Oxford St

Until 1871 Oxford St was known as Church St. The name was formally changed by the Local Board of Health in February of that year, the reason for the choice of new name is not known.

The photo above shows the celebrations for the coronation of George V in 1911. The Crown Inn can be seen at left and Lee’s Saddlery & Court’s ‘Coronation’  Dairy on the right. Frederick Lee is listed in the 1911 census as a harness maker at No. 75 but also as having a shop at No. 79.  Kelly’s Trade Directory has Court’s at No 73 in 1914, which is where it appears to be in the picture, but this would put the saddlery at No 71. The saddlery continued up to World War II.

Butt’s is listed at No. 87 in the 1911 census, and trade directories from 1914 – 27, as a shop and as a cab business,  this would be the end property  of the 3 storey terrace. The frontage in this photo, however, looks more like No. 85. Other references to No. 87 are as a private dwelling. No 85 is listed as Hallett’s Shop from 1916 – 35 and as Webb’s General Stores from 1939. A 1915 postcard shows ‘The Old Curiosity Shop’ possibly at No. 85. It may also have been Morris’s General Store during the 1950’s and 60’s. Puddy’s Hairdresser / Tobacconist is listed at No 81 from 1923 right through to 1974. The whole of this row has been private residences in more recent times. No. 93, presently ‘Barber Jacks’ was for a brief time  in the early 2000’s home to Somerset & Devon Holiday Options Lettings Agency. ‘Inked Images’ Tatooists had been in residence during the 1990’s. At some times previously the premises may have been occupied by  hairdressers: possibly Hardwidges during the 1950’s and Swale & Johnson during the 1930’s.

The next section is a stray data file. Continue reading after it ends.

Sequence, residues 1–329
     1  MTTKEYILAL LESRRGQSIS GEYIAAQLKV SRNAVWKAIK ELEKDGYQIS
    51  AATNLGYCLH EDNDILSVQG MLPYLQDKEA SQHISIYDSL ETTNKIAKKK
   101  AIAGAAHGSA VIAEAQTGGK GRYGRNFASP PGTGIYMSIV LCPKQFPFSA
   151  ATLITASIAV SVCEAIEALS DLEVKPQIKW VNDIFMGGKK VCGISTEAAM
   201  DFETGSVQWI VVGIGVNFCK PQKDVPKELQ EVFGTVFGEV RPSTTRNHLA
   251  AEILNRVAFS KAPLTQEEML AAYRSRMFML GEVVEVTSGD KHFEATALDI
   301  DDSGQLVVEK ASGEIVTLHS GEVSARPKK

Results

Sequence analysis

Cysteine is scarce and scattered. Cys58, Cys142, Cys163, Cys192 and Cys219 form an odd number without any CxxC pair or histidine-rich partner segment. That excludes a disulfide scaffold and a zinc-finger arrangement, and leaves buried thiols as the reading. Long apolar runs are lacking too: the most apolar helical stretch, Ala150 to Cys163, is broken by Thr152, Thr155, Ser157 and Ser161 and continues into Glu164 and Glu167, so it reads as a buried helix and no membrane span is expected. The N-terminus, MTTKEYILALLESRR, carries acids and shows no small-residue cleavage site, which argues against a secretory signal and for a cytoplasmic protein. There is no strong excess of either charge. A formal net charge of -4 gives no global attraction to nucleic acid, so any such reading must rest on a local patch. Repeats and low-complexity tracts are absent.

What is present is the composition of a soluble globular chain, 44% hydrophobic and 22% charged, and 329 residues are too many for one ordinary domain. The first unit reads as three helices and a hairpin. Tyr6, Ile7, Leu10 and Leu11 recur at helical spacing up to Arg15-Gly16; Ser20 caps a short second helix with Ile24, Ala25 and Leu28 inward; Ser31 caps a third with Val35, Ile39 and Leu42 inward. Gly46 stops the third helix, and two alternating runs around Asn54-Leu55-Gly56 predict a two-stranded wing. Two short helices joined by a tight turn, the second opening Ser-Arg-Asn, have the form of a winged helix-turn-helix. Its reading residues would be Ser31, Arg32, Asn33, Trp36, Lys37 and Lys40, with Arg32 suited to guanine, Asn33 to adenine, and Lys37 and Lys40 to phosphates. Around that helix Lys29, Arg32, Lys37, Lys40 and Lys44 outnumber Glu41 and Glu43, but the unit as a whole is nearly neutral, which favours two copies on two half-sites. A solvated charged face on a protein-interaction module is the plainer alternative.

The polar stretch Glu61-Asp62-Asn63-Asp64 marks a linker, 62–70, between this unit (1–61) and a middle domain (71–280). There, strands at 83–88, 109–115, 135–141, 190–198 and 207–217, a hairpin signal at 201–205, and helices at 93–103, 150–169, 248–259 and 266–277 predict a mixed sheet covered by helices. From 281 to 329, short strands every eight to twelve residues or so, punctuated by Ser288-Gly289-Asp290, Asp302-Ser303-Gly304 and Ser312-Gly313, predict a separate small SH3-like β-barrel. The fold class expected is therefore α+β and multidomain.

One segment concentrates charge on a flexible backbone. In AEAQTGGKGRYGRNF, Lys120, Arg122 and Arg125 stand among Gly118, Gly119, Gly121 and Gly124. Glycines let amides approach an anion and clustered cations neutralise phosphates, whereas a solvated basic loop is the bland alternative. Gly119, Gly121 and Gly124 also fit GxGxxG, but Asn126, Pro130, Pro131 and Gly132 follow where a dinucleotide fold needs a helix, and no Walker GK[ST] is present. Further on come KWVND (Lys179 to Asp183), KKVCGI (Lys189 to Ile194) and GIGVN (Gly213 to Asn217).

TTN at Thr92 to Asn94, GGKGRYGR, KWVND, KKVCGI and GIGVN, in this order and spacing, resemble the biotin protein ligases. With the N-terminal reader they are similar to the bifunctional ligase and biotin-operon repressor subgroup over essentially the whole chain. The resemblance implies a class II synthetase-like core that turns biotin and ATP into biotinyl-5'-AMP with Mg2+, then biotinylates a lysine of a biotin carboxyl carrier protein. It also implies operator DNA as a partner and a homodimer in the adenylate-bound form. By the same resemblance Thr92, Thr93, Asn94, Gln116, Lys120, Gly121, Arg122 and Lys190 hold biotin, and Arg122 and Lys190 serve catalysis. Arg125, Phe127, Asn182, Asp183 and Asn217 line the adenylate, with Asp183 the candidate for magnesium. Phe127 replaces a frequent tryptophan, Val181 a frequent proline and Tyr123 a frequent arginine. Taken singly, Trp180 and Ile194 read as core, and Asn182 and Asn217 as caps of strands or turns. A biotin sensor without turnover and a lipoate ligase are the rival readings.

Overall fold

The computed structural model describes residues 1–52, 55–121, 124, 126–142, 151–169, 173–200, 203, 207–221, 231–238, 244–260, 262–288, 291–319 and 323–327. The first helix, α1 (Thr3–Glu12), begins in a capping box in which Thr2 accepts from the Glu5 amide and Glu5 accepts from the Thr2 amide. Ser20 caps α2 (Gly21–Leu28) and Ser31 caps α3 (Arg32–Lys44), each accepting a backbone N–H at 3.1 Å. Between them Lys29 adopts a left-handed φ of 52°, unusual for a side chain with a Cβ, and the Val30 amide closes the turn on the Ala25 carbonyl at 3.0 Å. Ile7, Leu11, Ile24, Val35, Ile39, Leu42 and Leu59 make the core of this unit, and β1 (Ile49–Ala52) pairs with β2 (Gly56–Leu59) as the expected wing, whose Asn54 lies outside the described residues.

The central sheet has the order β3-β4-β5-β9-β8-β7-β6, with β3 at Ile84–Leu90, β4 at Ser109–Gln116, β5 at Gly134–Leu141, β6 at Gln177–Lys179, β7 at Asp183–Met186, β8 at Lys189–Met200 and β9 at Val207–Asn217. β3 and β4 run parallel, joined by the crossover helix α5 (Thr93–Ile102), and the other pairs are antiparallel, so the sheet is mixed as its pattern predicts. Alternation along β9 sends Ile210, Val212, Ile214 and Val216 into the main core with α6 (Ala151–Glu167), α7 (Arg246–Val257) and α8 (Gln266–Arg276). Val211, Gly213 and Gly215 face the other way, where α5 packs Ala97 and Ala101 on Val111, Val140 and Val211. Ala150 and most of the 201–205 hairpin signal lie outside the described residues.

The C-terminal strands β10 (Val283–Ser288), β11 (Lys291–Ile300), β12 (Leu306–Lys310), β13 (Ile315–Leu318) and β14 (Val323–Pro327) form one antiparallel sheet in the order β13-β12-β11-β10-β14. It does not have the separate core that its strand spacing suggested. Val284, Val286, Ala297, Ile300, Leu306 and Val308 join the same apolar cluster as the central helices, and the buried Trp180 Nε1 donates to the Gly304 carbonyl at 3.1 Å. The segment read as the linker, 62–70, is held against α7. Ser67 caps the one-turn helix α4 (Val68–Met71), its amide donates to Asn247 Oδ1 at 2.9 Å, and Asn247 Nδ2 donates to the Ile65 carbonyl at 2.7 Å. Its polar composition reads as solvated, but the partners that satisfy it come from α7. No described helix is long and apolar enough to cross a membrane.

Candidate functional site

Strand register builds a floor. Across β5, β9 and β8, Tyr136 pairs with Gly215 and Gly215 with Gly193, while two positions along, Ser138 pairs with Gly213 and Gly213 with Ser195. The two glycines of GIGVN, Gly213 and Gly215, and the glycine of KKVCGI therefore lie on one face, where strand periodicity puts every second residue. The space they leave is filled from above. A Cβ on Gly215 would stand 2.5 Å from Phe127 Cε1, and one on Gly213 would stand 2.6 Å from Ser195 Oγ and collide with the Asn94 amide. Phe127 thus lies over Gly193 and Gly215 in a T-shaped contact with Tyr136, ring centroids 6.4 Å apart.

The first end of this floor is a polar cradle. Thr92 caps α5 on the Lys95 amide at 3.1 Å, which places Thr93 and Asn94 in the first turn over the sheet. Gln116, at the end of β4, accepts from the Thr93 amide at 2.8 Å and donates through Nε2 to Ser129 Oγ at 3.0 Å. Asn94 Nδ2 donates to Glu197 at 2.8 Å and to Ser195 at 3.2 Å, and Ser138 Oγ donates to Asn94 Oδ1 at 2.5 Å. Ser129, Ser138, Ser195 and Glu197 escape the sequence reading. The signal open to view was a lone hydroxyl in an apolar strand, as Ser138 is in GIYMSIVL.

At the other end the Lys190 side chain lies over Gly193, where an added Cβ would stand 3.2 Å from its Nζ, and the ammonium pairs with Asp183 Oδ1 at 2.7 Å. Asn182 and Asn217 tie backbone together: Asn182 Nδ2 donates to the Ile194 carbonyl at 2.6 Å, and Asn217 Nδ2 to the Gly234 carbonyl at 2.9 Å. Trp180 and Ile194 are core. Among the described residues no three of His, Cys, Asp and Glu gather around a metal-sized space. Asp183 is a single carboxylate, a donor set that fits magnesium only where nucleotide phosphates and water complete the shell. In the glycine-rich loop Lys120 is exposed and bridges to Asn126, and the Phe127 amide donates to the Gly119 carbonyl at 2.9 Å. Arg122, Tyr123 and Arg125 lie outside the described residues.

Gratton’s occupied the corner with Love Lane, now Burnham Funeral Services, from World War I. They operated as furniture dealers as well as a motor coach company. The advert above is from a 1940’s Burnham Guide. During the 1960’s the building was occupied by Dean Manufacturing and in the 1970’s and 1980’s by Wessex Textiles and then Sussman’s Shirt Maufacturers.

Town Crier ‘Jumbo’ Cox outside Gratton’s. Photo courtesy of Bob & June Thomas.